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Mount Eerie – Pre-Human Ideas

on November 14, 2013, 12:02am
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Release Date
August 08, 2006
Label
Formats

Pre-Human Ideas is compiled of previously released Mount Eerie songs re-recorded using MIDI instruments and Auto-Tuned, pitch-shifted voices. Mount Eerie’s regular releases are so organic that they’re seemingly infused with a veritable aroma of mulch, so this digitization is a complete contrast. The first vocal track that comes in is the extremely deep lead on “No Inside, No Out”, and it’s so alien and unlike Phil Elverum’s usual delicate mewl that it would be funny, if only it weren’t so beautiful. Even though these songs have been completely warped, the best amongst them still hold a transcendental elegance.

Subtleties and finer details are gone on Pre-Human Ideas: no crackling guitars, no delicate finger-plucking, no straining voices, no disquieting rumbling of percussion. Instead, it’s full of big, clean, sterile blocks of sound, the songs identifiable as new versions of old familiars, yet quite different, almost like impressionist versions. This works particularly well on “The Place Lives”, which swaps out growling crescendos for clean, autumnal swaths of sound that partner nicely with Elverum’s lyrics. Elsewhere, intertwining Auto-Tuned vocals light up “I Say ‘No’”, while “Yawning Sky” becomes a grand robotic dream.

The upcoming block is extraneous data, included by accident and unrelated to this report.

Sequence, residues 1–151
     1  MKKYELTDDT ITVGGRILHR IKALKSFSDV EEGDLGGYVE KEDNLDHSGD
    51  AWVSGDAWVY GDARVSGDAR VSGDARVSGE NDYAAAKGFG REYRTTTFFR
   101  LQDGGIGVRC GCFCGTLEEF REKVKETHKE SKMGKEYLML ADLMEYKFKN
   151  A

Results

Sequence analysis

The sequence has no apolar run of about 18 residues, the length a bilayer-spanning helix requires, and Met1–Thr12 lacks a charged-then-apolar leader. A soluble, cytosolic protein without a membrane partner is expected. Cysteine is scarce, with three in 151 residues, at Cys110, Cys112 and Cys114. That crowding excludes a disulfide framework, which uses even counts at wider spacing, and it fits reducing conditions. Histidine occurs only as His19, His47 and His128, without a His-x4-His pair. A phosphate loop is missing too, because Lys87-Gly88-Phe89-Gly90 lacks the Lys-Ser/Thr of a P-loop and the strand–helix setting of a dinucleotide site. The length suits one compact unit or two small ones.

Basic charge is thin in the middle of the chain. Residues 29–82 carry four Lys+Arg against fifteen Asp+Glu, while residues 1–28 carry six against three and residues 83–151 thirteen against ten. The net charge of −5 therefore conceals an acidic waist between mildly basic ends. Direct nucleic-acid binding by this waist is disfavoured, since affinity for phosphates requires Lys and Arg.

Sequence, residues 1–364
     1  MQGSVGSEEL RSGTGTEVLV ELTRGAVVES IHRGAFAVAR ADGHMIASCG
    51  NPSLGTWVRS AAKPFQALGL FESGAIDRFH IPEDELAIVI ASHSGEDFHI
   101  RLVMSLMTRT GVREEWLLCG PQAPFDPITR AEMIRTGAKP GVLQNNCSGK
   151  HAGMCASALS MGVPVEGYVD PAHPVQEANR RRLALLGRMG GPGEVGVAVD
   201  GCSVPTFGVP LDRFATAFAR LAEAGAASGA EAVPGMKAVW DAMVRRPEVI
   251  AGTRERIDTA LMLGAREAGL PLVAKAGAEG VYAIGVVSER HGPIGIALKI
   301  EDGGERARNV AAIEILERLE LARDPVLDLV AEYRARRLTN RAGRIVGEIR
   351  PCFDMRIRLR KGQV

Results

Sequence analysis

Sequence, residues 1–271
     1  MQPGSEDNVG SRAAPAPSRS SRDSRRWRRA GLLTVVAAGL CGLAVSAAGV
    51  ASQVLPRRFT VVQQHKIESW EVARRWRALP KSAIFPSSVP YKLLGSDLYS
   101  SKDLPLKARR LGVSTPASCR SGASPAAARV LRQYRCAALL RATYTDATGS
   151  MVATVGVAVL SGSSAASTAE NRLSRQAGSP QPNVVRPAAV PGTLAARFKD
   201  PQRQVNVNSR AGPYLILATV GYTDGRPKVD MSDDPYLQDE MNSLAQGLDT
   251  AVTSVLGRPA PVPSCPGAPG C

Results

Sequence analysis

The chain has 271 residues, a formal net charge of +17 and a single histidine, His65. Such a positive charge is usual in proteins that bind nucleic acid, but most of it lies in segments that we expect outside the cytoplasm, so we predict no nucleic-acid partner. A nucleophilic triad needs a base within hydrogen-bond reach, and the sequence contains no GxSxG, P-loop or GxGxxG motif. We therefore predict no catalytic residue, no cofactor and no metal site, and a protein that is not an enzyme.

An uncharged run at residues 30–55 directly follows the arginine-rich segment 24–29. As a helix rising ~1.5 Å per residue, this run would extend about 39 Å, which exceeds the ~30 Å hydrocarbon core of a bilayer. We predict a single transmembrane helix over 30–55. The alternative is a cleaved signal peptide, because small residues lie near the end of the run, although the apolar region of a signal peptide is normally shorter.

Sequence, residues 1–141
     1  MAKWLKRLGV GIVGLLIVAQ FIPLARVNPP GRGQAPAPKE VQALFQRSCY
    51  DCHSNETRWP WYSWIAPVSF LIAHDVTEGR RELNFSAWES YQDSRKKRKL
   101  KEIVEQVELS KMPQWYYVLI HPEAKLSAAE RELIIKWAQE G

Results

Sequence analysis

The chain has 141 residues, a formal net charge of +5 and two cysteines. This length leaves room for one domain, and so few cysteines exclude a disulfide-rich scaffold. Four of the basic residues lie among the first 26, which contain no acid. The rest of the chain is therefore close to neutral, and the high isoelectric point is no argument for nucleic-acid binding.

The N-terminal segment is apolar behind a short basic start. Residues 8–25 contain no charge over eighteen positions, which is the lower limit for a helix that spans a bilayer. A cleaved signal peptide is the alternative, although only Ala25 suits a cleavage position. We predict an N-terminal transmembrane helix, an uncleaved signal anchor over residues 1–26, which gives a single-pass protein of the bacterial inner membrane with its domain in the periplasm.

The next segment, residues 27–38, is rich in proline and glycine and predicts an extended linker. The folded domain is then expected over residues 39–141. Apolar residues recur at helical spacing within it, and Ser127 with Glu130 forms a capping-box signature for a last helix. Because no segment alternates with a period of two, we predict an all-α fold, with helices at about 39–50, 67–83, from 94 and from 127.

Other tracks don’t fare quite as well. “House Shape” is deflated without the churning guitars driving it, and “Lone Bell” lacks the creeping percussion and haunting atmospherics of its Clear Moon counterpart, Auto-Tuned voices unsatisfactorily trying to make up for it.

The original purpose of the takes on Pre-Human Ideas was to guide Mount Eerie’s touring bands in learning the songs before playing them live. Elverum’s decision to release these tracks shows a level of pride in them, and certainly there is enough here to delight die-hard fans. But, overall, it’s barely more than a set of curios, which may have been better off released as a free download.

Essential Tracks: “The Place Lives”, “I Say ‘No'”

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